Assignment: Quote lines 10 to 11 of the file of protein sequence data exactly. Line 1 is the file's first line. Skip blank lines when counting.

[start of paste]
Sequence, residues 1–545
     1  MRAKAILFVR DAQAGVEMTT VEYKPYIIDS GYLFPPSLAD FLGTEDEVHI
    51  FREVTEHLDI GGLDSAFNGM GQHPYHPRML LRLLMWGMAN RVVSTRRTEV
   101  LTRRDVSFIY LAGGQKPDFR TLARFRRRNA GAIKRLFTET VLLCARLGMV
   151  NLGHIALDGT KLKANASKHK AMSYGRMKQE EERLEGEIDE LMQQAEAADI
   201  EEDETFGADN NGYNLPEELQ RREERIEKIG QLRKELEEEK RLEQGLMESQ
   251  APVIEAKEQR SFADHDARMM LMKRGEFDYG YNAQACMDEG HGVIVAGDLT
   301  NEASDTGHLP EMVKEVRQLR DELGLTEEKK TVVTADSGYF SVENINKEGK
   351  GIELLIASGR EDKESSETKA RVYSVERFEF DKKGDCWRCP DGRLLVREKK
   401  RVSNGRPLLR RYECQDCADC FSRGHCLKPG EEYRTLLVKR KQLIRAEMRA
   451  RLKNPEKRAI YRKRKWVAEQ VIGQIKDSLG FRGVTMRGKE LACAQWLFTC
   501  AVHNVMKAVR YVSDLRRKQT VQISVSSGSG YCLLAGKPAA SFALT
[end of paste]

   401  RVSNGRPLLR RYECQDCADC FSRGHCLKPG EEYRTLLVKR KQLIRAEMRA
   451  RLKNPEKRAI YRKRKWVAEQ VIGQIKDSLG FRGVTMRGKE LACAQWLFTC